Is it silly hyperbole? Sure, but it's drama and that's what drama does. What interests me more is the fact that it's tapping into a genuine sentiment, even if it's a sentiment that has been whipped up by professional blowhards on radio and TV.

The main objection liberals have to the idea of Christian oppression is that it sweeps aside the important distinction between things that make you uncomfortable or uneasy or limit you in a way you might not like to be limited, and actual oppression of the kind we've seen many times through history. It should be obvious to any thinking person that when the government (or the department store) doesn't take affirmative steps to honor your particular religion, like putting up a nativity scene on the steps of City Hall, that not only isn't the same as literally arresting you and sending you to a concentration camp, it isn't even in the same universe.

But liberals should acknowledge that for more fundamentalist Christians, there's a genuine feeling that underlies their fears. In many ways, the contemporary world really has turned against them. Society has decided that their beliefs about family—in which sex before marriage is shameful and wicked, and women are subordinate to their husbands—are antiquated and worthy of ridicule. Their contempt for gay people went from universal to acceptable to controversial to deplorable in a relatively short amount of time. If you are actually convinced that, in the words of possible future senator and current congressman Paul Broun, "I don't believe that the Earth's but about 9,000 years old," then modern geology is an outright assault on your most fundamental beliefs. And so is biology and physics and many other branches of science.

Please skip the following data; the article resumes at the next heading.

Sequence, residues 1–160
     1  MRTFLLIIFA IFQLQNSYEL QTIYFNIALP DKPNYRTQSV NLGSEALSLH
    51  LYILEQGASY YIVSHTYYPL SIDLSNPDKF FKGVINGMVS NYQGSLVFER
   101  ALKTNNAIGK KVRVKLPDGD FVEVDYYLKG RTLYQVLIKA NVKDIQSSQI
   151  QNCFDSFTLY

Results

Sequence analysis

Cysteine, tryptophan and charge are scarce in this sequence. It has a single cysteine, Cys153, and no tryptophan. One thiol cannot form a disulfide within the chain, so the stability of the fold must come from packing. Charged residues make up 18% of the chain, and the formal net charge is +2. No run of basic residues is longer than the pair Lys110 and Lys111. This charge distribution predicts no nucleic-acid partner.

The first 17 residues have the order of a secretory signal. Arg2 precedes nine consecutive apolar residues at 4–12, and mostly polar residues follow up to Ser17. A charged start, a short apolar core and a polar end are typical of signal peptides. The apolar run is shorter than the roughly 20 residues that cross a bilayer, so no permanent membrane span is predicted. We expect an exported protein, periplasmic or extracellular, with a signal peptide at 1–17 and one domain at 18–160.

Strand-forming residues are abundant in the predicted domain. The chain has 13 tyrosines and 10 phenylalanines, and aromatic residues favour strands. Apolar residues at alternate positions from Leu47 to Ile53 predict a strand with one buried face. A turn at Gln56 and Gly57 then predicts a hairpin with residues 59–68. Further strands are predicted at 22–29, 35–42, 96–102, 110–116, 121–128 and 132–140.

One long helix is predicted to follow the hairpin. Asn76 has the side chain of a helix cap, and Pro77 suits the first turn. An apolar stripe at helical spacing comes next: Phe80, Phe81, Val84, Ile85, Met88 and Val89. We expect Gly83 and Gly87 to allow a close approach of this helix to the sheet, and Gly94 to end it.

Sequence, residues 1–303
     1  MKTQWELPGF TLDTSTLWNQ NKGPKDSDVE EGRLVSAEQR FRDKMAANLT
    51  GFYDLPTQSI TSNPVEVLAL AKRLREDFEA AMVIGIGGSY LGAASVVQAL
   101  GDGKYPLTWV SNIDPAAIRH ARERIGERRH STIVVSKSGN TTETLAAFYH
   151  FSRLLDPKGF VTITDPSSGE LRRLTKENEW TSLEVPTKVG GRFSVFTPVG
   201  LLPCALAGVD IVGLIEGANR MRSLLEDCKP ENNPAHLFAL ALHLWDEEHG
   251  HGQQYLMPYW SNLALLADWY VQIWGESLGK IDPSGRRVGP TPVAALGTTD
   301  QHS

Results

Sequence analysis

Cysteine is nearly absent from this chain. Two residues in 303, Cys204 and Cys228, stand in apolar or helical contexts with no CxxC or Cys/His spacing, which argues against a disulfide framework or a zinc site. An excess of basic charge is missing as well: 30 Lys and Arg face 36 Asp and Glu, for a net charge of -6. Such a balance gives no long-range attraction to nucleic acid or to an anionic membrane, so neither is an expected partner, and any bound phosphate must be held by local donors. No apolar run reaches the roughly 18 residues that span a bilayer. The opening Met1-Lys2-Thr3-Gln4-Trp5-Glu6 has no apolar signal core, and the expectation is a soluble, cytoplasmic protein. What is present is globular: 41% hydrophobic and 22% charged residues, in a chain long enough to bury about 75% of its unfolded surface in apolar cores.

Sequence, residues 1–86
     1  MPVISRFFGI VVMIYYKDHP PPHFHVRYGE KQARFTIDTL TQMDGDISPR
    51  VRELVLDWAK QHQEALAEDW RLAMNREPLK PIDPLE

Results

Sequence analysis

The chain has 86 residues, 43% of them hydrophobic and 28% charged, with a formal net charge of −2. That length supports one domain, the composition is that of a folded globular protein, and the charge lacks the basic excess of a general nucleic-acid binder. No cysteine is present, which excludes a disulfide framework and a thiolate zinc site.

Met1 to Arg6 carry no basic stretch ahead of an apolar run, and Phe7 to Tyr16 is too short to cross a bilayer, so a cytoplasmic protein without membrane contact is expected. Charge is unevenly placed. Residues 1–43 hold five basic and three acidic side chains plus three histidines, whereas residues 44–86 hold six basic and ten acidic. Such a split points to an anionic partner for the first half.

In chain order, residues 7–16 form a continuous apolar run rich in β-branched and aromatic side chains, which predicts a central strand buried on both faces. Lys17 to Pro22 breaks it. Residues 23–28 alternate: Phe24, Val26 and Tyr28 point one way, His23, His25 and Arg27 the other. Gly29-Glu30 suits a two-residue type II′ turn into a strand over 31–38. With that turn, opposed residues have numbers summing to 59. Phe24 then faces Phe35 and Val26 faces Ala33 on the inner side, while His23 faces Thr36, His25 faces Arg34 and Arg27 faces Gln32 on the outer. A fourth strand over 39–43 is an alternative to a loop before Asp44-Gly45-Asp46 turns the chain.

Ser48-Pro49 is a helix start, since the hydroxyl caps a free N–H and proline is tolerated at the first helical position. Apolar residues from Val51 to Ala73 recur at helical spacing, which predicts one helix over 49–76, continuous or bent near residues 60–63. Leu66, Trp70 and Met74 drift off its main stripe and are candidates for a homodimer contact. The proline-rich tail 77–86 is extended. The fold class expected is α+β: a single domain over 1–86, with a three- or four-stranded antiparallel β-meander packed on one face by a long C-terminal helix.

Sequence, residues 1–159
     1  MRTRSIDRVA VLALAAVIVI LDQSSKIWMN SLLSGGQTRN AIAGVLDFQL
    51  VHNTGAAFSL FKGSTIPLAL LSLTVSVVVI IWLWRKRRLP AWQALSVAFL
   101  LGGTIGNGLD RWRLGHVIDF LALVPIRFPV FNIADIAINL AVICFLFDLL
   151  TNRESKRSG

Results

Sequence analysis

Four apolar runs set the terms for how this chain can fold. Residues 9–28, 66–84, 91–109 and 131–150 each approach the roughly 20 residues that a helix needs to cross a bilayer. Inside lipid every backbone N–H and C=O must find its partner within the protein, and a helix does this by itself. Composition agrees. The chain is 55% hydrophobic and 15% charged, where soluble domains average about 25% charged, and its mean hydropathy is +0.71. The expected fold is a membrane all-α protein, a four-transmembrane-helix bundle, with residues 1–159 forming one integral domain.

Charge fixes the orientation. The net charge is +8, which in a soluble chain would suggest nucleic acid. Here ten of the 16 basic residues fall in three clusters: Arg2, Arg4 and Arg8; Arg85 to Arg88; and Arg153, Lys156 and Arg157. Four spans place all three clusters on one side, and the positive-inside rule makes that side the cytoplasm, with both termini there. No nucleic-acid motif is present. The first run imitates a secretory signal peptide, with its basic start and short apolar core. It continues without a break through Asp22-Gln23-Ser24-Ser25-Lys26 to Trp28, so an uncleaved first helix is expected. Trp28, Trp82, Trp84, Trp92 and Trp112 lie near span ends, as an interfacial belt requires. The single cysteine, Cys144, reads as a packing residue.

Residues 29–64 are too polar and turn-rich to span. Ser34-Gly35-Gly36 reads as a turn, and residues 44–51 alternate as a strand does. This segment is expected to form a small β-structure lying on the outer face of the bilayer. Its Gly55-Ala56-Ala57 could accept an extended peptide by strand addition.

When your kids go to school and learn about evolution, it feels like an attack on your most cherished beliefs, because it is. We like to pretend that science and religion can carve out their unique spheres (what Stephen Jay Gould called "non-overlapping magisteria"), but as well-intentioned as that may be, it's just not true. Yes, much of religion is concerned with unanswerable questions, but every religion also has a creation story, and the fundamentally scientific project of explaining how the physical world works was one of the main reasons ancient peoples began creating religion in the first place.

If your religion is the most important thing in your life and it's being rejected in one way or another by the people and institutions that used to exalt it, that's something that's hard to accept. Placing the blame on society or modernity or science or the evolution of moral values can make it seem like your defeat is inevitable. Government, on the other hand, is an enemy that can be confronted and changed. So deciding that's the source of your oppression gives you something to focus on, and even if you're spinning out apocalyptic tales, it actually makes things seem less scary.